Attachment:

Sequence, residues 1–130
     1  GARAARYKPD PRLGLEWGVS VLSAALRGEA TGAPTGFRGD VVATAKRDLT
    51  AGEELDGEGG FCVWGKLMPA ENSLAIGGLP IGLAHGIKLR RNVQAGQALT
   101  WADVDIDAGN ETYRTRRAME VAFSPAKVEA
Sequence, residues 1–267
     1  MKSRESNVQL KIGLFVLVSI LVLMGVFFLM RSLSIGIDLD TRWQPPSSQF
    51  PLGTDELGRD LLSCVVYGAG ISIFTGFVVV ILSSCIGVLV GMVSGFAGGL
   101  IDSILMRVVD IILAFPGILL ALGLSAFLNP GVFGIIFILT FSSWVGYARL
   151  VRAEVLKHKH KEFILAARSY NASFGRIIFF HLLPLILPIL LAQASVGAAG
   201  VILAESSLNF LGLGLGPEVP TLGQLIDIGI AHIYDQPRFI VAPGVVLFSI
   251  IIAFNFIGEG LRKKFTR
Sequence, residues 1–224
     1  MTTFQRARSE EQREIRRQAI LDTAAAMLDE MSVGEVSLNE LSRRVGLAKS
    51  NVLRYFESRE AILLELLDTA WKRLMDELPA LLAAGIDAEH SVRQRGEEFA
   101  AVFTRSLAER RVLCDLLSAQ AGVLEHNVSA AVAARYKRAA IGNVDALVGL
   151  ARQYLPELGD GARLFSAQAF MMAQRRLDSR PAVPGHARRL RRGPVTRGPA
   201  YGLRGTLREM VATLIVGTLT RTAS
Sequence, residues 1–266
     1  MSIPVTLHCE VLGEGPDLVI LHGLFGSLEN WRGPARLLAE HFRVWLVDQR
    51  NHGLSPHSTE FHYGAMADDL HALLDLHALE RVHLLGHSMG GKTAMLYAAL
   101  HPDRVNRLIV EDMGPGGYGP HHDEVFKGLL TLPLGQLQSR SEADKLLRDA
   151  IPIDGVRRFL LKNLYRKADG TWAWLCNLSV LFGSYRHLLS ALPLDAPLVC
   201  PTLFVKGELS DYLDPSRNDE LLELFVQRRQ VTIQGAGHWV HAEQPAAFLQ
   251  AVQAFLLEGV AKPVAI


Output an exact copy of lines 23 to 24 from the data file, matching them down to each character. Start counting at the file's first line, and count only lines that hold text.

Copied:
   201  PTLFVKGELS DYLDPSRNDE LLELFVQRRQ VTIQGAGHWV HAEQPAAFLQ
   251  AVQAFLLEGV AKPVAI